Recap Part 1: Living in Faith

Just out of Annapolis. The adventure begins…

Well, we’re still sitting here in Freeport. To be honest: I kinda like this marina we’re in. It’s quiet, secure, the cruisers are all pretty nice and there are things to do and places to go. No, I didn’t come to the Bahamas to be in a marina, but when the weather is the way it’s been this goofy winter, you kinda gotta take what you get.

Speaking of which: it’s blowing hard out of the north right now, as it’s been doing since a strong cold front rolled through on Sunday. As a result, the sea state is pretty gnarly once you get out of the lee of the island. So that’s one reason I’m sitting tight. Another is that the anchorages on the east side of the Berry Islands are exposed to these winds, so anchoring there overnight could be a little sketchy—and that’s after having to leave here pre-dawn so as to get there before nightfall. Anchoring in a sketchy area in the dark is not something I really wanna do. There might be a nice window tomorrow as a small high-pressure ridge settles over the area, but the challenge is that the ridge is forecast to be very short-lived, meaning I’d have to hot-foot it to a safer spot, likely down near Nassau.

So there’s a lot to juggle. I spend a lot of my time looking at various weather reports and wind forecasts, and a bunch of different cruising resources with information about routes and anchorages in the Bahamas, and then trying to formulate a plan. lt’s fun for my always-formulating brain but the constant “nope, not yet” conclusions are getting to me. Oh well. “Life is what happens to you while you’re busy making plans.” I was told John Lennon said that and I’m gonna go with the late Beatle…not even gonna look it up to see.

Jay and I just about to depart the marina in Annapolis

Anyway, let’s get caught up with what has transpired in the past few months, shall we?

Further and I departed our Back Creek, Annapolis home on Sunday, Oct. 22, with my buddy Jay Megan on board. We headed south before a strong northwesterly wind and boy howdy did we move! Under a single-reefed mainsail alone, we boogied down the Chesapeake to the mouth of the Patuxent River and the town of Solomons, Maryland.

The following day as we re-entered the bay under power, an engine alarm went off. We shut down the power and proceeded under genoa alone; the wind had shifted a bit to the north but was still cranking so we continued to make good time. Jay took the helm and I went below to see what was up with the engine. Turns out it was the fuel filter alarm that had gone off and sure enough, the primary filter—a unit called a Racor that is between the fuel tank and the engine—was all gunked up. What undoubtedly had happened was that all the rockin’ and rollin’ in the wind and waves on Sunday had shaken up all the old crap that had accumulated in the diesel tank over the long periods of inactivity in Annapolis which then clogged up the fuel line (I know, I know: WHY was Further so inactive in Annapolis…but that’s the subject of much longer navel-gazing post). A pain to deal with but nothing major. I cleaned out the Racor, replaced the filter, cleared out the secondary fuel filter on the engine itself and by the time the wind had eased around lunchtime (as was forecast), the engine was purring along and taking us to Deltaville, Virginia.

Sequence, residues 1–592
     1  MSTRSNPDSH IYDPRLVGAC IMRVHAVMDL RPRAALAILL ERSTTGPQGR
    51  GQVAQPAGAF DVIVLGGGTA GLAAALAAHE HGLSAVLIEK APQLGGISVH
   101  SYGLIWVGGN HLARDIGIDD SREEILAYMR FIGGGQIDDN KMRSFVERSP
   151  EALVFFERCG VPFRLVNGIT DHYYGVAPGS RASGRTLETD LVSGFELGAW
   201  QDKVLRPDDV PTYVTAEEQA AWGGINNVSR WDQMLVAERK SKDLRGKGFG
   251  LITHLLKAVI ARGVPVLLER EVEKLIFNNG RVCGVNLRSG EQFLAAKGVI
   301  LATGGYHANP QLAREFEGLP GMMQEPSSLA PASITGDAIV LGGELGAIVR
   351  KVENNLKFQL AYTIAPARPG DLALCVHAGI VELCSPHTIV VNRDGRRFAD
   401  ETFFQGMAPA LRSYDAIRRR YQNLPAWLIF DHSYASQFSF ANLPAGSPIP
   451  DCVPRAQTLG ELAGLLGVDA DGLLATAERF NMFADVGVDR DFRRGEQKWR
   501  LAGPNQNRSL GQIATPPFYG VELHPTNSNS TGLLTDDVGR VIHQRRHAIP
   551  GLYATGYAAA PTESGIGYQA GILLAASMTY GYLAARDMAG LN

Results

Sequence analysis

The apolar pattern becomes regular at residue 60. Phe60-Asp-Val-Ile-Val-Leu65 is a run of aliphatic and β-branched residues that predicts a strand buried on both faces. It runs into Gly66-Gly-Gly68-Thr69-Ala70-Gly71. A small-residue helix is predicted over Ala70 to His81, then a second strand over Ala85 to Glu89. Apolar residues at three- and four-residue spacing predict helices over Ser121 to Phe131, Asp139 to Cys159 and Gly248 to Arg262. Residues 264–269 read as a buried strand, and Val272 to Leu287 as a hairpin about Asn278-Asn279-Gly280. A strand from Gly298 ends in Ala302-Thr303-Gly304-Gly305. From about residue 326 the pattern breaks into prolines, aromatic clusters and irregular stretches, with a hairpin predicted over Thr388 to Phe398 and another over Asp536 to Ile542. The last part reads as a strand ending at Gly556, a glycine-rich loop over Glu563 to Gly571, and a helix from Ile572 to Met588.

Throughout those first couple of days on the bay, though, I’d been stressing about, well, everything: the boat, the engine, the weather, my plans, anchorages, etc. I never used to be this way; in the past, I’d always been one of the more fearless people I knew. Ski that line that’s probably beyond my level? Let’s do it! Move to Montana on a whim? Hell, yeah! Quit your job with nothing else lined up rather than move to Los Angeles? Sure, why not. But for some reason, I have become far more wary than I used to be (likely another navel-gazing post…), and on this trip my neuroses were driving Jay crazy. The thing about Jay, though: he never gets wound up, always stays cool. Whenever I’d start wigging out, Jay would simply look at me and say, “Luke, we all have two choices: you can live in faith or you can live in fear…and no one wants to live in fear.”

So that became the mantra of the trip…and, I hope, will remain a mantra for the rest of my life. Because Jay is right: no one wants to live in fear. I know I don’t.

Solitude in Solomons, MD

Day three was spent motoring on a placid Chesapeake Bay to Norfolk, Virginia. As we neared our destination on Little Creek, military toys of all kinds—airplanes, helicopters, destroyers, hovercraft, jet boats—were more and more prevalent (the Norfolk area is the largest naval base in the world) and were then nicely offset by a welcoming committee of couple of pods of dolphins who sprinted under Further’s keel and back up the bay.

Jay hung out for another day after we secured Further to the dock in Norfolk, and then he flew back north to Maryland. After he departed, I had the diesel tank and fuel thoroughly cleaned. The fuel itself wasn’t in bad shape, which made sense since I’d had it cleaned in Annapolis a year earlier. But the tank itself definitely had a lot of crap in it, and getting that addressed definitely made me feel worlds more at ease about the rest of the trip.

But one other issue was rearing its ugly head more frequently. For some time, shifting Further’s engine into forward was always a bit hit-or-miss: sometimes it was kick in, other times…nothing; sometimes at high RPMs, the engine would just slip out of gear (so when motoring on the trip down the bay we ran around 1,500 RPMs, occasionally up to 1,800). Reverse was never a problem, just forward. I thought it might be the transmission but when I’d had a local company in Annapolis look at the issue in the summer, they were adamant that it was the feathering propeller. I cleaned and greased the prop back then and kept on going. But something was definitely amiss…